Scottish election: Lib Dem candidate quits party

image captionHugh O'Donnell was the leading candidate on the Lib Dem's Central Scotland list

A top Liberal Democrat candidate for the Scottish elections has quit the party.

Hugh O'Donnell was the leading candidate in the party's Central Scotland list.

Mr O'Donnell said was unhappy with the direction of the party in Scotland and the UK Tory/Lib Dem coalition.

Mr O'Donnell, who served as a Central Scotland list MSP for four years, will now stand as an independent candidate in the region.

Writing in the Mail on Sunday, he criticised the party's Scottish leader, Tavish Scott, and said founding principles had been "subsumed" by a desire for position and power.

Mr O'Donnell claimed the leadership of the party in Scotland could no longer be regarded as either Liberal or Democratic.

He wrote: "Instead of fighting for the causes so many of us believe in, they devote their energy to quashing dissenting voices, views, people and policies."

Mr O'Donnell said he and his colleagues had been told not to air grievances about the Tory/Lib Dem coalition.

He continued: "Since that fateful day, I have watched helplessly from the sidelines as this government at Westminster has attacked every vulnerable group in Scotland, from carers to disabled students to migrants, with some of the most draconian policies I have ever seen in the name of cuts.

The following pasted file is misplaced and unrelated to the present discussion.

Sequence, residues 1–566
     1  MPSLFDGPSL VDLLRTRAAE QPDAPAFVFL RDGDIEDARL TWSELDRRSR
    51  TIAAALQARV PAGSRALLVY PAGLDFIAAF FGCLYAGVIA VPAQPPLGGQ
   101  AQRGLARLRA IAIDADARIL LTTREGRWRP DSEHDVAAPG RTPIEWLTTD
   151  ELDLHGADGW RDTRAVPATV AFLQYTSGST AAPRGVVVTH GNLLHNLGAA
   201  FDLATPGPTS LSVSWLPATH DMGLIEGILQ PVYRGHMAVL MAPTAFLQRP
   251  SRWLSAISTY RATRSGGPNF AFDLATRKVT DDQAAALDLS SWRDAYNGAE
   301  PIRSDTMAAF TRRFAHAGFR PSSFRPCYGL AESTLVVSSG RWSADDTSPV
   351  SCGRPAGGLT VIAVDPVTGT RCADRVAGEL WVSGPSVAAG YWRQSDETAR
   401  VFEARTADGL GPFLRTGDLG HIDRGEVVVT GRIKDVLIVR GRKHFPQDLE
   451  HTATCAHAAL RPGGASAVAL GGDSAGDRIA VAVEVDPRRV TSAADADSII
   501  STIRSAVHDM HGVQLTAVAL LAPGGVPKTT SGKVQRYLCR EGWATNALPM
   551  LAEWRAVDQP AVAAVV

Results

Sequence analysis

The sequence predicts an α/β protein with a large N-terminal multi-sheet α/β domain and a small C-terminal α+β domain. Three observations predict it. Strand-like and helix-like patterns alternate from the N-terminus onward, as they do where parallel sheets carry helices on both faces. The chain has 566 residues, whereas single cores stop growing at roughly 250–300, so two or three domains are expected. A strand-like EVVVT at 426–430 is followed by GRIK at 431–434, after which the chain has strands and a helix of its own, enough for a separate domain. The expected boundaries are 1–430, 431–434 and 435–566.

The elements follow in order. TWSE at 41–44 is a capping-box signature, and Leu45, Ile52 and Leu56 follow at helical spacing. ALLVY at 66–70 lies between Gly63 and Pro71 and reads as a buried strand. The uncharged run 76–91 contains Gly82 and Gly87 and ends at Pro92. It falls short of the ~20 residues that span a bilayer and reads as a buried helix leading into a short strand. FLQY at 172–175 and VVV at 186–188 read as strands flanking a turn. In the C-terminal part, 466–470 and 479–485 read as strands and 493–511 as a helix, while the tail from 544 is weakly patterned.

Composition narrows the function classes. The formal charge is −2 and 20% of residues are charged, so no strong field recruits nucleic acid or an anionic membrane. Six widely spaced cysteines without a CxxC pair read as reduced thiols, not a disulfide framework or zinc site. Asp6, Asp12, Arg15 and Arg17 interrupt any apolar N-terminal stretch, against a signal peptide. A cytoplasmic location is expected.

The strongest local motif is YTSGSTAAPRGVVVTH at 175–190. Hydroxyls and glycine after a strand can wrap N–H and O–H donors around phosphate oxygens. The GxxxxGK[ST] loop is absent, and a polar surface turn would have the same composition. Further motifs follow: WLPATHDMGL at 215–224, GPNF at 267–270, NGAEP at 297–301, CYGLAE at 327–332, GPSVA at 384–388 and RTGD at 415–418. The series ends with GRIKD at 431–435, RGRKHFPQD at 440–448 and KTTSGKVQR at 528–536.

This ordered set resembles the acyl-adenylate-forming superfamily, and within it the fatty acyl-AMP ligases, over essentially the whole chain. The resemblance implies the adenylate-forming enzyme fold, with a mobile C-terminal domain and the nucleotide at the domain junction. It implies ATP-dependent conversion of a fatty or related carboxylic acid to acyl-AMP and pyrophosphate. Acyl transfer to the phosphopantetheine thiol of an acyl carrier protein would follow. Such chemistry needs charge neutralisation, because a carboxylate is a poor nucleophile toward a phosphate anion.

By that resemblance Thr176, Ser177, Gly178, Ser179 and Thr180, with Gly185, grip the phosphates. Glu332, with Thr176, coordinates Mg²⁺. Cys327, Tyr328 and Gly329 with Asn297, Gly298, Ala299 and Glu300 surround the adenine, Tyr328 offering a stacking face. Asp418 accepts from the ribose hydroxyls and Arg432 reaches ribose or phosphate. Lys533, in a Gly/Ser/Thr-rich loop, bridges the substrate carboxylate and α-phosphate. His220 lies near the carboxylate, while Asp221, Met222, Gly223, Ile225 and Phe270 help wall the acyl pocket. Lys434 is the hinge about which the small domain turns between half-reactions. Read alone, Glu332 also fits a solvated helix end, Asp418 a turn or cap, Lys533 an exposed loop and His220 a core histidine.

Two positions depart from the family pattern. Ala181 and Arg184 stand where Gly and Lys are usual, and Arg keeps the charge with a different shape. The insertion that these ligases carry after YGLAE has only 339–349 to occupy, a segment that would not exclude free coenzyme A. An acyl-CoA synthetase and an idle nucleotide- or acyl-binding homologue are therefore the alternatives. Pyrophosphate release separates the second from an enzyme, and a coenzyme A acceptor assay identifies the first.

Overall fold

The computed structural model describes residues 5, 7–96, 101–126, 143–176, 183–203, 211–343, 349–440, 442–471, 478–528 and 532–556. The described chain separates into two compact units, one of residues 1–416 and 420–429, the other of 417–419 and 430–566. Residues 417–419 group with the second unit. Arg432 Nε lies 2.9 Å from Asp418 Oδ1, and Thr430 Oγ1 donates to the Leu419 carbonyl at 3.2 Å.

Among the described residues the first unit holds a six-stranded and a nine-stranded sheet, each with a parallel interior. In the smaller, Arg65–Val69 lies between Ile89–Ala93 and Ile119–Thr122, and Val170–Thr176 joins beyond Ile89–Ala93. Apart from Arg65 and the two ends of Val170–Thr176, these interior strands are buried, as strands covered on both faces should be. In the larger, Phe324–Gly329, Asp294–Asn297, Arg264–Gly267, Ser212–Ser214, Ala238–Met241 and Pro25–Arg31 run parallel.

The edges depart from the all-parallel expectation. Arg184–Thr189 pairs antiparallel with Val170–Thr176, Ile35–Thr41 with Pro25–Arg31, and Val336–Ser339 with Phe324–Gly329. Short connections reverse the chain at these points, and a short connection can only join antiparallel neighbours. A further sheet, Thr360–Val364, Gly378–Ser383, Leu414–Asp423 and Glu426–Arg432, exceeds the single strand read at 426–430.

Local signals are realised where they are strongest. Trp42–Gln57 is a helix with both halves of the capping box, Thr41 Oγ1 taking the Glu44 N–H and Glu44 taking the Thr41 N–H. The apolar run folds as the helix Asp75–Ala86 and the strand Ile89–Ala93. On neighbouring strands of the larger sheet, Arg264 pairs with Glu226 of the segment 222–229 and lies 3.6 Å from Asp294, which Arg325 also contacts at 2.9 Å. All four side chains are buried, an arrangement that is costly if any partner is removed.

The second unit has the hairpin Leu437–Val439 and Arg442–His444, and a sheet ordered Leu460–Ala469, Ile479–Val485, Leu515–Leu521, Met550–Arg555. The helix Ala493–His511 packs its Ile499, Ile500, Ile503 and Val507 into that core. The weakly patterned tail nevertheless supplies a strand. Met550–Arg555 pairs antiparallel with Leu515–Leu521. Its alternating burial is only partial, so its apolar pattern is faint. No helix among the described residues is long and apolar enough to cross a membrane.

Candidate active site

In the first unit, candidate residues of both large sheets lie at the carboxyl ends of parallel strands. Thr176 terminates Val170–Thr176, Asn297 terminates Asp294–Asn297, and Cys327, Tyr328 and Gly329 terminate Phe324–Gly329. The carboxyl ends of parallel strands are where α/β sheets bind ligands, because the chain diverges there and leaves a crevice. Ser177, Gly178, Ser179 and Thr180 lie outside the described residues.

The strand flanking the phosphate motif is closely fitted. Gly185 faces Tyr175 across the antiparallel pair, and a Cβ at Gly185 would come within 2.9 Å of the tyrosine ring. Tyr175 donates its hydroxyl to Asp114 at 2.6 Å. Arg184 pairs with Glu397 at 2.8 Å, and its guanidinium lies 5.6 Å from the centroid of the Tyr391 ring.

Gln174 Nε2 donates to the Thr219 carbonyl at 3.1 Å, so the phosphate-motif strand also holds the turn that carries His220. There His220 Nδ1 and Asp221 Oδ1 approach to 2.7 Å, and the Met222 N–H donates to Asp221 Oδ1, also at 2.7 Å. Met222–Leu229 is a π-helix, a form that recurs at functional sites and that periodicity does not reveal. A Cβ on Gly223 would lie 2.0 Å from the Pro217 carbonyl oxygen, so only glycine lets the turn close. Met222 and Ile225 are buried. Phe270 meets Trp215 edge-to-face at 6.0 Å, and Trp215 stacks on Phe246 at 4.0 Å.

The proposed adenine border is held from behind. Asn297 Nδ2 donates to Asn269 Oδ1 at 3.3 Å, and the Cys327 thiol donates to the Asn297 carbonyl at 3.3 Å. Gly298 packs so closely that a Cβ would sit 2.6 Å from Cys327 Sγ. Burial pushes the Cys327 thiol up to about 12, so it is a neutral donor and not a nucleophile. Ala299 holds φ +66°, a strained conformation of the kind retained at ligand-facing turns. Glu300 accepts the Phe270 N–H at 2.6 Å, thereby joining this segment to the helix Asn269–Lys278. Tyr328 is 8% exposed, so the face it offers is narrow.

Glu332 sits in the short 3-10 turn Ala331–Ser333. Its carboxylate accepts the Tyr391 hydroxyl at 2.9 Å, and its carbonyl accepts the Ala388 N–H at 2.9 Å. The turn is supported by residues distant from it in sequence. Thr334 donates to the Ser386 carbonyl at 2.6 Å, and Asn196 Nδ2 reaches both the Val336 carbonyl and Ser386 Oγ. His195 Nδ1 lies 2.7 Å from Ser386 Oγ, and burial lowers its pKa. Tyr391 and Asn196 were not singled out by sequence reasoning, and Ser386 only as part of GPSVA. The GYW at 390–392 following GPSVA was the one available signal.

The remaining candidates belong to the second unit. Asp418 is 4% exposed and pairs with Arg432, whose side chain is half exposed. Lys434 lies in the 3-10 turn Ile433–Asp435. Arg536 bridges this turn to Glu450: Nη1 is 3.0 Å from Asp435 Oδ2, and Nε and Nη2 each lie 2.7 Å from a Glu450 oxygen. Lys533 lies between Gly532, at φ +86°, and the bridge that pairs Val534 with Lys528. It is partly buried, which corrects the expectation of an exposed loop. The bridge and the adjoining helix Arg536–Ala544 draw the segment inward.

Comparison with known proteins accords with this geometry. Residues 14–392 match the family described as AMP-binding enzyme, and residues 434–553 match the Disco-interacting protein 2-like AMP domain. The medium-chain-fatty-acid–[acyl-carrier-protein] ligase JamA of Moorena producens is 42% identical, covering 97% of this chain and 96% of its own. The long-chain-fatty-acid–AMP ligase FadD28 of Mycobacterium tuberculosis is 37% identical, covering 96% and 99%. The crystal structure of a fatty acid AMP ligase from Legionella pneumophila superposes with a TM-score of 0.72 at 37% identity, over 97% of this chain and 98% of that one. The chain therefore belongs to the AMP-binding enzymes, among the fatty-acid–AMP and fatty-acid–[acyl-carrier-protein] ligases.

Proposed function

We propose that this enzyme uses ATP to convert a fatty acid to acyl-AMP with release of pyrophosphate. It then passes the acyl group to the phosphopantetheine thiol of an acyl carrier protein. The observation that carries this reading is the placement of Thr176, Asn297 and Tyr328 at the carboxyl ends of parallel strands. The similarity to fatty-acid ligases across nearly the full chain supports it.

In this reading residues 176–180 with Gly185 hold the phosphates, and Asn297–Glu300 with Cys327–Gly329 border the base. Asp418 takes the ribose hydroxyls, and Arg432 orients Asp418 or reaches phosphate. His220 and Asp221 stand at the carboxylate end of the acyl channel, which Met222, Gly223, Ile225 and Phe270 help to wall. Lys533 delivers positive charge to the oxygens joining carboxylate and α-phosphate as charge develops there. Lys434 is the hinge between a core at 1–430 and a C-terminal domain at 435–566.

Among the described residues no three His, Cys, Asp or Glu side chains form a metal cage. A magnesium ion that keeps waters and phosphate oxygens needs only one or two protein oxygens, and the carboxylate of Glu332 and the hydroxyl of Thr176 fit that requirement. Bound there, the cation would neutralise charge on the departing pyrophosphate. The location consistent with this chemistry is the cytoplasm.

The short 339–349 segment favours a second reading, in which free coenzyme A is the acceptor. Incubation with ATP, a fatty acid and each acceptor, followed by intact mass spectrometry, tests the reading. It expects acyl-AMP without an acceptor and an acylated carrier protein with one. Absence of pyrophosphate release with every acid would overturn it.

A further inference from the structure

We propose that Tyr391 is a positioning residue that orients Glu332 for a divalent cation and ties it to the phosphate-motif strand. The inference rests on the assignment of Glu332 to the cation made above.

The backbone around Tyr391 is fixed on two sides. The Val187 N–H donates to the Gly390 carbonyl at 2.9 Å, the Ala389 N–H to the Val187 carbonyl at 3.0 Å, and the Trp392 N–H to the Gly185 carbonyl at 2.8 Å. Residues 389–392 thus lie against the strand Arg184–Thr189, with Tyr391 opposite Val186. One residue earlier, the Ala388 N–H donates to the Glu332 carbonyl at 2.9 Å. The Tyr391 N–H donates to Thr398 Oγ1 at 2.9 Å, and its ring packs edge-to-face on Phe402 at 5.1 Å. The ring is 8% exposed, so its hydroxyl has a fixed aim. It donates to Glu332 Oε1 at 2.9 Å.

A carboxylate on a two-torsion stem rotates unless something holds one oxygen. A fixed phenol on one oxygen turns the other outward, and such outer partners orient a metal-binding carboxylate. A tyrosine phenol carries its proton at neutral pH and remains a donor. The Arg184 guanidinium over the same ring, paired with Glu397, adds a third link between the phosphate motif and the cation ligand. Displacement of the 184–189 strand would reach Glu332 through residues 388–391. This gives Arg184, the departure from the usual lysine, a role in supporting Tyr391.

"Not a word of criticism from the party leadership in Scotland has been uttered - even though the contempt shown for Scotland and, indeed, the federal structure of the party knows no bounds."

Mr O'Donnell also complained the party at Holyrood had voted tactically instead of on principle over controversial subjects such as the SNP's proposed minimum price for alcohol - a policy which failed to win enough support to progress last year.

He added: "This is not the same party I joined, full of enthusiasm, all those years ago.

"I can no longer be party to the control freakery, the 'image is everything' attitude, and the dictatorial style of doing things.

"It is a party I no longer want to be part of and neither should other principled Liberals."

A Liberal Democrat spokeswoman announced Mr O'Donnell's departure on Saturday, adding: "We have accepted Hugh O'Donnell's resignation."

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